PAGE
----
As demand for cloud-native applications is growing, Yugabyte, makers of the cloud-native, open-source YugabyteDB database, is seeing a corresponding rise in demand for its products, especially with large enterprise customers. Today, the company announced a $48 million financing round to help build on that momentum. The round is an extension of the startup’s $30 million Series B last June.
Lightspeed Venture Partners led the round with participation from Greenspring Associates, Dell Technologies Capital, Wipro Ventures and 8VC. It has raised a total of $103 million, according to the company.
Kannan Muthukkaruppan, Yugabyte co-founder and president, says the startup saw a marked increase in interest in both the open-source and commercial offerings in 2020 as the pandemic pushed many companies to the cloud faster than they might have gone otherwise, something many startup founders have pointed out to me.
“The distributed SQL space is definitely heating up, and if anything over the last six months almost in every vector in terms of enterprise customers — from Fortune 500 companies across financial, retail, ISP or telcos — are putting Yugabyte in production to be the system of record database to meet some of their business critical services needs,” Muthukkaruppan told me.
In addition, he’s seeing a similar rise in the level of interest from the open-source version of the product. “Similarly, the groundswell on the community and the open-source adoption has been phenomenal. Our Slack [open source] user community quadrupled in 2020,” he said.
That kind of momentum led to the increased investor interest, says co-founder and CTO Karthik Ranganathan. “Some of the primary reasons to go and even ask for funding was that we realized we could accelerate some of this stuff, and we couldn’t do that with the original $30 million we had raised,” he said. The original thinking was to do a secondary raise in the $15-20 million range, but multiple investors expressed interest in participating, and it ended up being $48 million when all was said and done.
Former Pivotal president Bill Cook came on board as CEO at the same time they were announcing their last funding round in June, and brought some enterprise chops to the table. It was his job to figure out how to expand the market opportunity with larger high-value enterprise clients. “And so the last six or seven months has been about that, dealing with enterprise clients on one hand and then this emerging developer-led cloud offering as well,” Cook said.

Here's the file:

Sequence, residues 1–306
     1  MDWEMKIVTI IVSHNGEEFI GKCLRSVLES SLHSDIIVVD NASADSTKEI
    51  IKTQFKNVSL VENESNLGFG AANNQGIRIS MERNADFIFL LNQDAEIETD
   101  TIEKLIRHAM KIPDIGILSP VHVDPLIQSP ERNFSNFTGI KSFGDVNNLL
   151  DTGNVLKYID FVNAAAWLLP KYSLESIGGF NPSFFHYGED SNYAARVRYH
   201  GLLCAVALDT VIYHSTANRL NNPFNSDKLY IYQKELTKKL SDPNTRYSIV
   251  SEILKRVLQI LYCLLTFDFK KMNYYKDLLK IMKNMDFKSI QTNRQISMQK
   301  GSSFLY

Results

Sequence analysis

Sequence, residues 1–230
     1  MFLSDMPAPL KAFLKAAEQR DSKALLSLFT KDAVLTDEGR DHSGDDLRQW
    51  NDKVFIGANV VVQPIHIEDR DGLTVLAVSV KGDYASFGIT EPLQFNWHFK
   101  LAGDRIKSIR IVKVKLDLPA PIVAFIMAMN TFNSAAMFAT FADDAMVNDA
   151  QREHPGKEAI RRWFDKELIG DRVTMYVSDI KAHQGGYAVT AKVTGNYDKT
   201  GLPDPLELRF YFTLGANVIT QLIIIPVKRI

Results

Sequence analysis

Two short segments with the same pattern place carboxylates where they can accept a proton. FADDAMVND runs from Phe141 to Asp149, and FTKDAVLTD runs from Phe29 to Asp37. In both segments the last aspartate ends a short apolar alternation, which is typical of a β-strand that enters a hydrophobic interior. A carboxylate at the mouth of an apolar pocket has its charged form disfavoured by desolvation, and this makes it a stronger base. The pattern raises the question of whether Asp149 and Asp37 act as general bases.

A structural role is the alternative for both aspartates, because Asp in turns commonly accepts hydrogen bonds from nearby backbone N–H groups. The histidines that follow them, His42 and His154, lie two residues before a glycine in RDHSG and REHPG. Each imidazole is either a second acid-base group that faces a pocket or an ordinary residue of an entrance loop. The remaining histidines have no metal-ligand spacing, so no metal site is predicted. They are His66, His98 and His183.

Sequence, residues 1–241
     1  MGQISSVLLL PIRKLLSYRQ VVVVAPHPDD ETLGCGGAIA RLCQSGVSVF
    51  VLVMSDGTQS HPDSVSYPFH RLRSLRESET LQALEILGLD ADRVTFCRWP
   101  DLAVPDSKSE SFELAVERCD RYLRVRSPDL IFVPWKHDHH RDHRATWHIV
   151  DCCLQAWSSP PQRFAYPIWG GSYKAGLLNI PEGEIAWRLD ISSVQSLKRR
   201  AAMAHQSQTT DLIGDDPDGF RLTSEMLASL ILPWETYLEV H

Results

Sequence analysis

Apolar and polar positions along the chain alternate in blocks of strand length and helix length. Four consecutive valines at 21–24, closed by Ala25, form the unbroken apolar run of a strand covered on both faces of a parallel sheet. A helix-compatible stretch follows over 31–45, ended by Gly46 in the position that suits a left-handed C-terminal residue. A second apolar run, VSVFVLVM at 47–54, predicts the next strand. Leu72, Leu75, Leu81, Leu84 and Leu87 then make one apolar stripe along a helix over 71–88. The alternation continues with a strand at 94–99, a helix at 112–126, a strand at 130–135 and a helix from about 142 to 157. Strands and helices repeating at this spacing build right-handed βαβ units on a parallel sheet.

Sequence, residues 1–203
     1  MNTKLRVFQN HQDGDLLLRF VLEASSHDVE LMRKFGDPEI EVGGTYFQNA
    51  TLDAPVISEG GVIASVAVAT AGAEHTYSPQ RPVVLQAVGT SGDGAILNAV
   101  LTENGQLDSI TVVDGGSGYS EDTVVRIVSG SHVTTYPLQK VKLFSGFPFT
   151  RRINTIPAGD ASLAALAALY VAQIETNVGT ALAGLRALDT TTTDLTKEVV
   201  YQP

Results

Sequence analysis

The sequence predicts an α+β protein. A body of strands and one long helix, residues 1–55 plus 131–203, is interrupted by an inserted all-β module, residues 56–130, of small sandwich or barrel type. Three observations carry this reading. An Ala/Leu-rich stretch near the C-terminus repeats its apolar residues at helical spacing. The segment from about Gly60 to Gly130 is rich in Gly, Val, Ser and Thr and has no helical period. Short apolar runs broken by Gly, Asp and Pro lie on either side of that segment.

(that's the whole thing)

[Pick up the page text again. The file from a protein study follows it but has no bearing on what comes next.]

The company has a three-tier offering that includes the open-source YugabyteDB. Then there is a fully managed cloud version called Yugabyte Cloud, and finally there is a self-managed cloud version of the database called Yugabyte Platform. The latter is especially attractive to large enterprise customers who want to be in the cloud, but still want to maintain control of their data and infrastructure, and so choose to manage the cloud installation themselves.
Yugabyte started last year with 50 employees, doubled that to this point, and now expects to reach 200 by the end of this year. As they add employees, the leadership team is cognizant of the importance of building a diverse and inclusive workforce, while recognizing the challenges in doing so.
“It’s work in progress as always. We’ve added diversity candidates right along the whole spectrum as we’ve grown but from my perspective it’s never sufficient, and we just need to keep pushing on it hard, and I think as a leadership team we recognize that,” Cook said.
The three leaders of the company have been working together remotely now since the announcement in June, and had only met briefly in person prior to the pandemic shutting down offices, but they say that it has gone smoothly. And while they would obviously like to meet in person again when the time is right, the momentum the company is experiencing shows that things are moving in the right direction, regardless of where they are getting their work done.
Note: The article originally stated this was a Series C round, but the company later clarified that it was a B-1 round; we’ve updated the article to reflect that.
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